During the first days of summer in 1986, he was allegedly spotted, some twenty hours by plane from the corner of Rue des Écoles and Boulevard Saint-Michel, among the southern stands of Montevideo’s Centenario Stadium, at a soccer match during which Hugo Gatti, the Boca Juniors goalkeeper who’d been nicknamed “El Loco” due to his extravagant appearance and excesses both on and off the field, stood out thanks to his sui generis idiosyncrasies. In his autobiography, which has yet to be published in a French translation, Gatti mentions that one evening during a match in Uruguay, he noticed a strange individual in the locker room, rigged out in a beige raincoat “very likely lined with camel’s skin.”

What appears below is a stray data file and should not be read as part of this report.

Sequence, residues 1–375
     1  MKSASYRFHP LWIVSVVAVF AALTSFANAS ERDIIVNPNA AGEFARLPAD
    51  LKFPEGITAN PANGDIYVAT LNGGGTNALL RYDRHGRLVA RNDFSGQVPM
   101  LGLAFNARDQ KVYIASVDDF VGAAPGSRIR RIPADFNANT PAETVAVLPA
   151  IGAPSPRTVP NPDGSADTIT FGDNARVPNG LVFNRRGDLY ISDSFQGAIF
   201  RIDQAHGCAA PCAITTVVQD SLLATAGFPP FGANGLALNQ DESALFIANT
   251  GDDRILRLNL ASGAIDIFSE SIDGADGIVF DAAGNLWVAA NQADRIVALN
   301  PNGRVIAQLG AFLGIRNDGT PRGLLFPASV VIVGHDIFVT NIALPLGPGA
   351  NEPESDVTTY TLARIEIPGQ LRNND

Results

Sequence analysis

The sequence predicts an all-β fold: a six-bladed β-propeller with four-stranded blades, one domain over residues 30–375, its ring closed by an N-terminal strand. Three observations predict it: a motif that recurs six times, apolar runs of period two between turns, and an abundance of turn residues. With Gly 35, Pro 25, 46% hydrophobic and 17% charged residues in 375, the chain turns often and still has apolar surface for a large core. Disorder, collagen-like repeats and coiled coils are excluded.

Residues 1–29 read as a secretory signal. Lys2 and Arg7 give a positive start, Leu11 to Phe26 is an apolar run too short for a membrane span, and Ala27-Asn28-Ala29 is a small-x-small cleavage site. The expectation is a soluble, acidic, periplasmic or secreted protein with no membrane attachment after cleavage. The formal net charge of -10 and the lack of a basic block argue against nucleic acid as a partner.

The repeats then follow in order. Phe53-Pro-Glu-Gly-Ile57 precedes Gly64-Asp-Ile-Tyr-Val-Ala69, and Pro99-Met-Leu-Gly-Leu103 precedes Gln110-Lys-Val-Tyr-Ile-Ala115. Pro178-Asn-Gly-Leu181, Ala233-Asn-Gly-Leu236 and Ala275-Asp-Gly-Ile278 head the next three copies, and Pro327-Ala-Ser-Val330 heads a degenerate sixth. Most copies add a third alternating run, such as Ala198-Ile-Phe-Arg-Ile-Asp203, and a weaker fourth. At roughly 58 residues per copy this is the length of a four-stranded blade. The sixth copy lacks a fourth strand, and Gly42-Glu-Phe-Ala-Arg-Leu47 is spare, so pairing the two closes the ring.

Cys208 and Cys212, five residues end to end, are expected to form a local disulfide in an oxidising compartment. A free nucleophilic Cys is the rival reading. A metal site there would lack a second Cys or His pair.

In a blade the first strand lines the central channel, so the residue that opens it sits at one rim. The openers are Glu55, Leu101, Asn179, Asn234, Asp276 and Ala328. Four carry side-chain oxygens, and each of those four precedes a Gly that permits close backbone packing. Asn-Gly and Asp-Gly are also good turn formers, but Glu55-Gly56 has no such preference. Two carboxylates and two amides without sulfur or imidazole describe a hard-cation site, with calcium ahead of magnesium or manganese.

According to other sources, between 1992 and 1997 he traveled on at least three separate occasions to Alamance and New Hanover counties in North Carolina. The owner of Raleigh’s Quail Ridge Books claims in the culture section of the Winston-Salem Journal that A.Z. spent a long time perusing New York Subway Ventilation, a 1915 pamphlet in octavo format containing various diagrams that highlight, as is suggested by the title, the merits of the New York subway’s ventilation system. He even claims to have spoken with him on this same occasion among the aisles of his establishment, noting that his English was “absolutely perfect, without any clearly identifiable accent.” This absence should not be taken lightly, as, oddly enough, A.Z. addresses accents in one of the rare aphorisms discovered in his files: “What is an accent but the quintessence of betrayal? We should drag these odious accents before the courts and have them locked away for high treason and fraternizing with the enemy!”